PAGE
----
By Ben Richardson
BBC News business reporter in Dublin, Ireland
Lee Vandermolen and his colleagues look like ordinary tourists as they walk through Dublin's international airport.
The pit traders will not go quietly
But for the gas oil traders of KCM Energy the trip is no holiday; it is the first of many long-distance commutes that will determine whether or not their way of doing business survives.
The four men are open outcry traders and spend their days face-to-face with rivals, jostling for position in the crowded pit of London's International Petroleum Exchange (IPE).
A day at the office goes by in a blur of multicoloured jackets, hand signals, and shouted orders.
Way of life
That is all set to change after the IPE ends open outcry trading on Thursday and switches to a fully electronic system of buying and selling oil and gas oil futures contracts.
The pit will be replaced by computer screens, and critics insist the changes are unnecessary and will lead to the loss of jobs.
"Trading volumes have been rising year after year," says Mr Vandermolen as he queues to go through passport control. "It's not as if the market isn't making money. Why fix it if it isn't broke?"
The open-outcry traders are not the type of people to take things lying down - just ask the Greenpeace activists who were left bloodied and bruised after a recent attempt to storm the IPE pit - and have promised to fight on.
At least 140 traders and market makers from London and the US, including Mr Vandermolen and his team, are planning to relocate to Dublin and work in a rival pit set up by the New York Mercantile Exchange (Nymex).
The plan is simple - they want to show that there is still a strong demand for open outcry trading and then move back to London when Nymex gets regulatory approval for a new exchange in the capital.
"We will give it a go and if it works, we will continue with our way of life," Mr Vandermolen explained, sipping the cola he prefers to beer. "If it doesn't? Well, the screens will still be there in six months time."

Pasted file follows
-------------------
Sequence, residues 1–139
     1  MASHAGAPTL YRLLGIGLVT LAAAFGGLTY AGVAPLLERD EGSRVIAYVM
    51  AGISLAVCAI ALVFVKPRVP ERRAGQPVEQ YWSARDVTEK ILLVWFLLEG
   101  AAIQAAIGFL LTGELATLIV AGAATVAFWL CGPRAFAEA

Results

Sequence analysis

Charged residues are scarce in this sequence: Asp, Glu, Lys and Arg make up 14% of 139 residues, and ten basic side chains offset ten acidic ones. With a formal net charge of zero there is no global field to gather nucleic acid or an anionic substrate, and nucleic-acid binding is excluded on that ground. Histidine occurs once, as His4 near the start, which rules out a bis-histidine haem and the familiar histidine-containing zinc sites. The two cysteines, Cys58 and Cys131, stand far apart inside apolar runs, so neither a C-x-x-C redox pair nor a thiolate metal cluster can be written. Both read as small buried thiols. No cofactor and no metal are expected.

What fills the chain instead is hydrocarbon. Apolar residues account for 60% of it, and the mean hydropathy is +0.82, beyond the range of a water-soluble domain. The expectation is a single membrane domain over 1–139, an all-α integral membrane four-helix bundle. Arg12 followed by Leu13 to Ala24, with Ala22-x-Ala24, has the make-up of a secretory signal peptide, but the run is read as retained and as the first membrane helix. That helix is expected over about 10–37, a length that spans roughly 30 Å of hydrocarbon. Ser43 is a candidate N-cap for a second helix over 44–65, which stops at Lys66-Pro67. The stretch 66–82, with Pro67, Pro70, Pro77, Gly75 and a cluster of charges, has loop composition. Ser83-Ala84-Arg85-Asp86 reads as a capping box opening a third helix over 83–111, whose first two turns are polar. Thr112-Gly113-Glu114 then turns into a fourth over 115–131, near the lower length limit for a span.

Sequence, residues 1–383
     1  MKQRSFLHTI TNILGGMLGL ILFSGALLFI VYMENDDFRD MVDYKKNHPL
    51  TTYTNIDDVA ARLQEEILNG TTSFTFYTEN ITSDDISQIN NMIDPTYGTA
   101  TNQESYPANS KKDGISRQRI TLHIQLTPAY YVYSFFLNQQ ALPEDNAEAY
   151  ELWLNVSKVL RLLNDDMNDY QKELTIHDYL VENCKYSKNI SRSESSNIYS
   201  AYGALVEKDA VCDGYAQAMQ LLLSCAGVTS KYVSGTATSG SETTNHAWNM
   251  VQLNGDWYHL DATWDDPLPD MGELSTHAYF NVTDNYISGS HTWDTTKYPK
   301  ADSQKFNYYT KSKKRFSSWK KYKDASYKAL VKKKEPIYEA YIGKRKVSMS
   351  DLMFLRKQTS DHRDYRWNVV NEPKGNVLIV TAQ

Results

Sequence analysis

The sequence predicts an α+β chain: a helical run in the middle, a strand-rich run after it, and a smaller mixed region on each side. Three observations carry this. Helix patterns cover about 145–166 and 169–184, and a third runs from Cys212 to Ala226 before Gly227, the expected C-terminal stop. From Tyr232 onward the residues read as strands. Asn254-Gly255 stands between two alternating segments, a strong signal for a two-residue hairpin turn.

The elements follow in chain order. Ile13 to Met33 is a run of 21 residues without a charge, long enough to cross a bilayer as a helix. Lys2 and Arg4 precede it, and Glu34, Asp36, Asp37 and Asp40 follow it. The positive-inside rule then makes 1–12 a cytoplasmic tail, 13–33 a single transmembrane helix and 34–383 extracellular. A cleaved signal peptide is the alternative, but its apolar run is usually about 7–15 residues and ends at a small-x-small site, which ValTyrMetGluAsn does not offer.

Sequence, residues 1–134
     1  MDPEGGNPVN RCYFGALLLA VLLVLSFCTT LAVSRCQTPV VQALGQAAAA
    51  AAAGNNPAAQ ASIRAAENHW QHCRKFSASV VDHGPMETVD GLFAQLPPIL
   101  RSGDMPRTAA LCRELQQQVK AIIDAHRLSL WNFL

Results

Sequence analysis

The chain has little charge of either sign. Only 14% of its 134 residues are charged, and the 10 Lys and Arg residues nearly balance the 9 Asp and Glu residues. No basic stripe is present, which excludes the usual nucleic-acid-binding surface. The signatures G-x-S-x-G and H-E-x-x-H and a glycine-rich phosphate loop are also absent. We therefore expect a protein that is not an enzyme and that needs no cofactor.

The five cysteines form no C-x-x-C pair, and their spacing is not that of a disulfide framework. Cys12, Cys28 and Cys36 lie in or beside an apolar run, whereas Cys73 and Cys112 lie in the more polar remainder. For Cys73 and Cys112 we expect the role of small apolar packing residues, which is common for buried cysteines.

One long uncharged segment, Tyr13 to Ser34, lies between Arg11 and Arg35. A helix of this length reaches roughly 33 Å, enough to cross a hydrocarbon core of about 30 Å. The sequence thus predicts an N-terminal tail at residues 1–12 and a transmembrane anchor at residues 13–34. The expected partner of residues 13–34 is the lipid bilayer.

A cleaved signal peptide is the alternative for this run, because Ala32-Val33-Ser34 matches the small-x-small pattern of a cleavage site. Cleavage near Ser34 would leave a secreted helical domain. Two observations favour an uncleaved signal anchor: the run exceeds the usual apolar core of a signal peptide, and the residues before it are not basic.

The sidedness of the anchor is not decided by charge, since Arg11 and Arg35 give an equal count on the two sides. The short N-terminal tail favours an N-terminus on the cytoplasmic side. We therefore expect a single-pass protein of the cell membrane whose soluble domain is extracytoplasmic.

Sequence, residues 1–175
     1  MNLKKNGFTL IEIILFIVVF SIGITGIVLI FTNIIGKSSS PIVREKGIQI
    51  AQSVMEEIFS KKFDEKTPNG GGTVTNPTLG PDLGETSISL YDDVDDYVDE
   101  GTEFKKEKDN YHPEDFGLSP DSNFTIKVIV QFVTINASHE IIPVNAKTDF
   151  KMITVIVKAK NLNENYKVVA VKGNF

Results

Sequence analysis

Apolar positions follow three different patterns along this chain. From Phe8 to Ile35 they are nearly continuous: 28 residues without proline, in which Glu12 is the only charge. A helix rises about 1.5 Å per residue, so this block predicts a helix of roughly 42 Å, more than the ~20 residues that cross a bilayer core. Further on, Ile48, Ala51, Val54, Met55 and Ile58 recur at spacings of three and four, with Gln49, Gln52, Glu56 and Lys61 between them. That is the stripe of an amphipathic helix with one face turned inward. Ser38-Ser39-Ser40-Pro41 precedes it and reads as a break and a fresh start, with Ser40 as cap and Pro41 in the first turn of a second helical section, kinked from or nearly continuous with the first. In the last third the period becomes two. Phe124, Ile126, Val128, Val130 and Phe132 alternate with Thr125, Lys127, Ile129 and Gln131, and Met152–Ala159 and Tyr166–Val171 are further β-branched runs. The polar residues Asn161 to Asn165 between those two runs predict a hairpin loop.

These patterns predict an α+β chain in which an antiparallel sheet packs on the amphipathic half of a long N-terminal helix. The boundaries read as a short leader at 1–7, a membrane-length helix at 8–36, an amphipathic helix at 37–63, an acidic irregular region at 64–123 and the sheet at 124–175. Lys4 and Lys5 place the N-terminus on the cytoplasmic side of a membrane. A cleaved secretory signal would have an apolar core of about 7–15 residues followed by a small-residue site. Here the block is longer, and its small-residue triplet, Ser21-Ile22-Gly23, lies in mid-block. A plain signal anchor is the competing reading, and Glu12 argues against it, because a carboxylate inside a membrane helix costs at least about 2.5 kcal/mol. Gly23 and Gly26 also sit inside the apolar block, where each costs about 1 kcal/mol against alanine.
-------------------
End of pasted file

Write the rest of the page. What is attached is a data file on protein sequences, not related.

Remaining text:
There is no doubting the traders' commitment to the cause.
Nymex is racing to get ready in time
Mr Vandermolen and five other colleagues will be working shifts and sharing a two bedroom apartment, jetting back and forth between London and Dublin every five or three days.
Families will, for now, come second and for the six months they plan to be in Dublin the traders will not run their own accounts but instead pool their resources.
Working conditions are not going to be as plush as they were in London, especially after the IPE brought forward its plans to end open outcry.
In the lead up to Thursday's big change, there is a ramshackle feel to Nymex's Dublin trading pit, with panels missing from the ceiling and air conditioning vents snaking their silver way through a mass of wires.
Newly-arrived travel bags are dumped in corners, as their owners pick their way through computer equipment and head for the small trading floor.
"This feels just like what it is - a stopgap," says Mr Vandermolen.
Dublin has a long way to go before it matches London or New York
Nymex says everything will be in place by Friday and that the exchange is ready to cope with the influx of traders from London and the US.
"I've seen worse pits," a Nymex official says after climbing out from underneath a desk. "Nothing is ever smooth, although you want it to be."
"If we get the volume, we should be OK."
Nymex's Dublin exchange will offer two main contracts - one for Brent crude oil, the benchmark for most of the world's oil traders, and one for gas oil, which is essentially the same as diesel and heating fuel.
Despite all the optimism that demand is there and assurances from clients that they will still choose the human face instead of the computer screen, there are concerns that not enough business will come through the exchange.
To keep liquidity and interest up, Nymex is offering expenses of roughly $1,000 a week per person.
They also are offering to pay a stipend of as much as $100,000 a month to market makers - those firms or people willing to buy and sell to keep things ticking over.
Have we seen the back of open outcry trading in London?
That may seem a lot of cash, but in a volatile and illiquid market where getting in and out of positions is difficult, that money can be gone in the blink of an eye.
With the closure of the IPE in London looming, business in Dublin is quiet.
Traders stroll in and out of the pit, making offers, calling out bids, though significant activity is limited to sporadic, albeit noisy, flurries.
Talk often turns to the subject of who, and how many others, will turn up on Friday, the bravado of the pit unable to cover up the concerns about what the next few months will hold.
"Of course we'd rather be in London," one KCM Energy trader admits. "No one likes to leave their family behind, but what else can we do?
"I've been doing this almost all my working life. It's what I know. I don't fancy sitting in front of a computer in an office."
Those decamping to Dublin are betting that their clients also will prefer the human touch and are expecting volumes to jump after Thursday.
The outcome is difficult to call, but one thing is certain; no matter what happens, the traders are not going to go quietly.